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[Paracelsus, Five Hundred Years: Three American Exhibits]


A 500th Anniversary Celebration

Allen G. Debus
Morris Fishbein Professor of the History of Science and Medicine
The University of Chicago

Paracelsus (1493-1541), more properly Theophrastus Phillippus Aureolus
Bombastus von Hohenheim, was born in Einsiedeln, Switzerland in 1493, one
year after Columbus' first voyage to the New World. He was a contemporary of
Nicholas Copernicus, Martin Luther, Leonardo da Vinci and a host of other
figures we associate with the shattering of medieval thought and the birth
of the modern world.

In fact, Paracelsus played a part in this change no less than the others.
During his lifetime he was called by some the "Luther of Medicine" and the
scientific debates of the late sixteenth century were centered more
frequently on the innovations of Paracelsus than they were on the
heliocentric astronomy of Copernicus.

Renaissance Humanism

How may we characterize the intellectual world in which Paracelsus lived?
Surely a major factor was Renaissance humanism -- the fascination with
antiquity in all of its aspects. Authors sought to write a stylistically
pure Latin to replace the barbarous Latin of the Middle Ages. They travelled
in search of old manuscripts that might have survived in isolated
monasteries ... and they studied Greek so that they might translate these
treasures of the ancient world. This search for the work of ancient authors
was felt first in literature, rhetoric and history, but by the late
fifteenth century there was an increasing interest in the sciences and
medicine. Astronomers and mathematicians sought an accurate text of
Ptolemy's Almagest and both the observations and the mathematics of this
text were to form the foundation for Copernicus' De revolutionibus orbium
(1543). In medicine Galen, Hipprocates, and Dioscorides were newly
translated from Greek. The recovery of the medical writings of Celsus was
highly influential because they presented medical terminology in the elegant
Latin of the first century A.D. Indeed, for many humanists the discovery of
new texts seemed as exciting as the discovery of the new lands being made by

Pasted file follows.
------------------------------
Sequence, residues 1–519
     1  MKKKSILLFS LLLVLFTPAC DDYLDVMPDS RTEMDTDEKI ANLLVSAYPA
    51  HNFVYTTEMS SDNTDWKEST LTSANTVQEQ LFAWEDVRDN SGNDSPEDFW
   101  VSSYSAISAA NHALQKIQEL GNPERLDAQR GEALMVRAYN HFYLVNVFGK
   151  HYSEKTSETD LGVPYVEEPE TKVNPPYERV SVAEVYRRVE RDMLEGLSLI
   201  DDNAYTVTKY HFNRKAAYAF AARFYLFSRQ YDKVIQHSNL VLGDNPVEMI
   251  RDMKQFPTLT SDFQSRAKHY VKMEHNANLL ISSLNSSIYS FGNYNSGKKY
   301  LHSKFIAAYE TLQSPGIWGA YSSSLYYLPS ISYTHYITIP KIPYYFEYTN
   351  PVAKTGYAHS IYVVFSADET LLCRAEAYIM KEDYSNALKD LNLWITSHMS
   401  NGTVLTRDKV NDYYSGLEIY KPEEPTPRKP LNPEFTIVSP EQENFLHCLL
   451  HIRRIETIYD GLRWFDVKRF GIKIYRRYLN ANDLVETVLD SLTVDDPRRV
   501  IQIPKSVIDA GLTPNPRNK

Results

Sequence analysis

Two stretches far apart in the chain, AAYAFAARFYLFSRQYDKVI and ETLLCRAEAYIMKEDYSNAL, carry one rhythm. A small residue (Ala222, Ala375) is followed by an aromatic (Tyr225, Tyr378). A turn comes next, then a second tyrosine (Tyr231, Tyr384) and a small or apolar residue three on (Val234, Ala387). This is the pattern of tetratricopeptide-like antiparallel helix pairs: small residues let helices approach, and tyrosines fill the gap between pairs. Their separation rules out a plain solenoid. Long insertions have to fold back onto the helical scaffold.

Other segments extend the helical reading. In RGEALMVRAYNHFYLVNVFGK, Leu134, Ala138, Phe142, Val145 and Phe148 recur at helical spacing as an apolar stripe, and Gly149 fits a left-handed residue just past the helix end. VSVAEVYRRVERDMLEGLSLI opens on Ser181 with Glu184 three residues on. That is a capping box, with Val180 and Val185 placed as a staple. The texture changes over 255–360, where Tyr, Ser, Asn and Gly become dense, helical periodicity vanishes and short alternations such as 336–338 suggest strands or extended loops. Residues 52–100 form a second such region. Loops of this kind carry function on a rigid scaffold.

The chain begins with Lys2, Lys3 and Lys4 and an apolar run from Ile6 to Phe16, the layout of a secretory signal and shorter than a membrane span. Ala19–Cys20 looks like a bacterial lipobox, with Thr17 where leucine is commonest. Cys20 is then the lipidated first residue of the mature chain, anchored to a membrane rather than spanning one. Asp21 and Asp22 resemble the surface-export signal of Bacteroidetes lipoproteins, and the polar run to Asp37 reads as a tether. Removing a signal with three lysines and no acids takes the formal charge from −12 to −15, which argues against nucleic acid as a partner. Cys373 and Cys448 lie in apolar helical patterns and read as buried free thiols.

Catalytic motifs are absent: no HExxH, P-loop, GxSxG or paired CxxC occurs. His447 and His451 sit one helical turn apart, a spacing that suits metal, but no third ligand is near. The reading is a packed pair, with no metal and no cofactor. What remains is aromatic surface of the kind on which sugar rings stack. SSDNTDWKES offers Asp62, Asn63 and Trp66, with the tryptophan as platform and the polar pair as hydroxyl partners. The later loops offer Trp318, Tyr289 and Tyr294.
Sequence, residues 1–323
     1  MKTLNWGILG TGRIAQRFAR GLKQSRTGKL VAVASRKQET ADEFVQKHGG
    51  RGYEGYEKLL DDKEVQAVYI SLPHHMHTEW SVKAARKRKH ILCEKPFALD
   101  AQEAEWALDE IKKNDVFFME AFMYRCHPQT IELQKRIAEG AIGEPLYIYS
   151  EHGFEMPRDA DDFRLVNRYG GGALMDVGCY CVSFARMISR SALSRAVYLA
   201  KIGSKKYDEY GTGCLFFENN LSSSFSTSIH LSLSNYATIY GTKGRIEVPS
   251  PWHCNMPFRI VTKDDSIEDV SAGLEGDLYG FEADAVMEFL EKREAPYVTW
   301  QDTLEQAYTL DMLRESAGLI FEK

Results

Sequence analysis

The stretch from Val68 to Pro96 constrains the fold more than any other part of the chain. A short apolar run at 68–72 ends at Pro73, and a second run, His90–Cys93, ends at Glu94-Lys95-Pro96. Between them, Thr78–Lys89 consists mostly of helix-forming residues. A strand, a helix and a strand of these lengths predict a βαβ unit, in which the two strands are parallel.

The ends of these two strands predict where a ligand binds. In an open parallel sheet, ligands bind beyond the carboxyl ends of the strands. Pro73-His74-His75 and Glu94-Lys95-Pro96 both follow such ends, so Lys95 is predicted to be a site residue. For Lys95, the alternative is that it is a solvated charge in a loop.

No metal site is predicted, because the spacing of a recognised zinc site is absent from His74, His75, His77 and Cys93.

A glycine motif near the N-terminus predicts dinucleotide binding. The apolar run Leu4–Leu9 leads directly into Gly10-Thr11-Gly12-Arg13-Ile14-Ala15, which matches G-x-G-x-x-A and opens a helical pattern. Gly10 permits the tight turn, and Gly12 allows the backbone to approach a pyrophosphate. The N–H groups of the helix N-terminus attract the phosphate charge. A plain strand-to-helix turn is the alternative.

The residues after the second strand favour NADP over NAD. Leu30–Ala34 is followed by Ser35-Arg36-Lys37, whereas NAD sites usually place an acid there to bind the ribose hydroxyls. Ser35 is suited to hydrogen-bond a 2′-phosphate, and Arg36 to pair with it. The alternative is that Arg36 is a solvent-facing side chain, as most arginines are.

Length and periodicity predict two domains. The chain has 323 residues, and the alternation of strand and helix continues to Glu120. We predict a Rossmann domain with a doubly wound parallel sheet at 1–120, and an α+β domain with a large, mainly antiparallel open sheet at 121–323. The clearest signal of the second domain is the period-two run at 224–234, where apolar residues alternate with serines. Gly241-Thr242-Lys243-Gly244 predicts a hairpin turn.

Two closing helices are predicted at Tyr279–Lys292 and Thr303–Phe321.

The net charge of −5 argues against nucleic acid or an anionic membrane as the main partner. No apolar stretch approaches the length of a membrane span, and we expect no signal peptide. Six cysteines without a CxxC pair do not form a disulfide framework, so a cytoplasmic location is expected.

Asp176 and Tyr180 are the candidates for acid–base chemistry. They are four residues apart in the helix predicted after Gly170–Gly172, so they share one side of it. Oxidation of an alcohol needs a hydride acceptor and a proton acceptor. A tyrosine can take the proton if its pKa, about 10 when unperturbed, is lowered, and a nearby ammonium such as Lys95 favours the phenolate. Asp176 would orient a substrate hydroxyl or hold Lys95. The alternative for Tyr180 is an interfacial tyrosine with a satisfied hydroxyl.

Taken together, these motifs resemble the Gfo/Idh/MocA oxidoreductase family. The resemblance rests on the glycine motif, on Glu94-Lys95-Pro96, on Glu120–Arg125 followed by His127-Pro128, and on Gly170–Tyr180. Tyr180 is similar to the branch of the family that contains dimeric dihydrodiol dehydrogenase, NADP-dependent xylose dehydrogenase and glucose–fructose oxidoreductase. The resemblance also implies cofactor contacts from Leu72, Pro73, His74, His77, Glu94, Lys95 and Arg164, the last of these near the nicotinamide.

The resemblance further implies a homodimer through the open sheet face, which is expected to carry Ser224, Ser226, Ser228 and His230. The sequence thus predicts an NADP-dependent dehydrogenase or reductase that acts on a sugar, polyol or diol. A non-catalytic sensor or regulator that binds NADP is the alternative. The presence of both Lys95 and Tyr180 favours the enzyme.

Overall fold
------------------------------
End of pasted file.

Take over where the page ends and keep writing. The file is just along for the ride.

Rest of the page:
contemporary explorers. The result was a new reliance on the truths of
antiquity and establishment medicine became increasingly dependent upon the
writings of Galen, the "Prince of Physicians." In short, with the corrected
translations of ancient authors -- and more important, the discovery of new
manuscripts lost to scholars for a thousand years -- it was thought possible
to restore the real truths of both Aristotelian natural philosophy and
Galenic medicine.


Numerous Renaissance physicians favored the teachings of Hippocrates over
those of Galen. From Justi Cortnummii, Di morbo attonito liber unus ad
Hippocraticam...(Lipsiae, 1677)
However, the recovery of ancient classics and their translation was not
limited to the works of Aristotle, Galen, Ptolemy, and Dioscorides. In
addition to the works of many lesser figures there were new areas of study
made available to Renaissance scholars. Important among them was the
recovery of the Corpus Hermeticum, a group of treatises supposedly written
in Egypt by Hermes Trismegistus at about the time of Abraham although they
had not been composed until late antiquity. Authors of these treatises felt
that a magus, a true natural magician, would be able to understand man, the
microcosm, through his study of the macrocosm since the former was a perfect
representation of the latter. Some physicians were to find this a new key to
their work. No less appealing was the fact that this call for new
observations in nature could be seen as an act of devotion. Christians
should study not only Holy Scripture, but also the book of nature, clearly a
second book of divine revelation.

Hermes was known not only to the Church Fathers, but also as one of the
great figures of alchemy. Even today we speak of a hermetic seal in